While most watchmakers are tasked with marrying function and form, high fashion brands with their own haute time lines must also consider their customers’ longing for all things beautiful. In 1987, the heyday of conspicuous consumption, Chanel introduced its Première watch – an elegant chain strap bracelet coupled with a long, squared off face. The piece was bold, like eye-catching costume jewellery. Although the brand wasn’t the first luxury label to enter the watchmaking game (Dior, for example, introduced its watch line in 1975), Chanel quickly established itself as a player in the “haute horlogerie” market, and has since launched five different watch styles including the decadent Chanel Première Camélia Skeleton that debuted at Baselworld in March.
For the 30th anniversary of its foray into fine watchmaking, Chanel employed a floral motif that’s likely familiar to the brand’s devotees (a white camellia bloom now accents many Chanel shopping bags). “For the first movement, we worked a lot on complexity,” says Nicolas Beau, Chanel’s international watch director, of the initial in-house engine developed for the brand’s first men’s watch. “Here, our focus was really beauty and decoration.”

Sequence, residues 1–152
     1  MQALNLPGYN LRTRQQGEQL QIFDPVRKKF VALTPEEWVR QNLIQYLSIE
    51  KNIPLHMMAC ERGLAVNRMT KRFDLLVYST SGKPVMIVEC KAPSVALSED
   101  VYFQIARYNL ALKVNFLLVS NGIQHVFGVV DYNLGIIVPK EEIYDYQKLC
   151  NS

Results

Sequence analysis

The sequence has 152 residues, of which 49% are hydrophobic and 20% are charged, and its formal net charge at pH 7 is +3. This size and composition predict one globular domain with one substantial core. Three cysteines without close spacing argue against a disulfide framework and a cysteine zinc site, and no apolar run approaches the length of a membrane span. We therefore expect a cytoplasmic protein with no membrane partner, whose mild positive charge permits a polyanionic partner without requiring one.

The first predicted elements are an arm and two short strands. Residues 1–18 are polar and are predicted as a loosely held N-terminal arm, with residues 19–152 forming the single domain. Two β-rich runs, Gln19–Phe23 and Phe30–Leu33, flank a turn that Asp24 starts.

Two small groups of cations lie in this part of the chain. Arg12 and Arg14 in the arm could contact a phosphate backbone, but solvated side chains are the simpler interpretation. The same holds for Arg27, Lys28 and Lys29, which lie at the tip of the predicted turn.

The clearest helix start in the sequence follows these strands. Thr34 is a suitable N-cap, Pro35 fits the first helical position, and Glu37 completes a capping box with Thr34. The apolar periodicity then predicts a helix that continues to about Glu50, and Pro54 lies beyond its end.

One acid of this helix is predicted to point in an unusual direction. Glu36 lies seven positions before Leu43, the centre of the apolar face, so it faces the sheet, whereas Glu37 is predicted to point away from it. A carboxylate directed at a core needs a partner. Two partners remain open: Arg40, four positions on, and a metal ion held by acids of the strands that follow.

The new watch’s functions may be rudimentary, giving hours and minutes only, but the devil is in the details. The Première Camélia Skeleton’s face is transparent both front and back, revealing the intricate floral detail that comprises the watch’s Calibre 2 movement. “Usually when you do a skeleton, you have your movement and then you skeletonize it, so to speak,” says Beau. Instead of this procedure, the small team who initially developed the watch’s composition at Chanel’s workshop in Paris’s Place Vendome decided on the bridge’s design first – in this case, the swirling petals of a camellia – before the following stages of design, development and assembly at Swiss manufacturer Châtelain. “It’s a crazy way to do a movement,” Beau notes. “For watchmakers, bridges are there to hold the wheels.”
In the Première Camélia Skeleton, the bridge possesses much more than the movement; the skeleton itself boasts up to 246 brilliant-cut diamonds, depending on which of the three models you’re wearing. The limited-edition style – there are only 12 in the world – has a total diamond weight of 22.66 carats, and its 18-karat gold bracelet is set with 282 baguette-cut diamonds (its buckle has 30 brilliant-cut diamonds, too). To call it opulent would be an understatement. “When you wear something like this,” Beau notes, “you’re wearing a work of art.”
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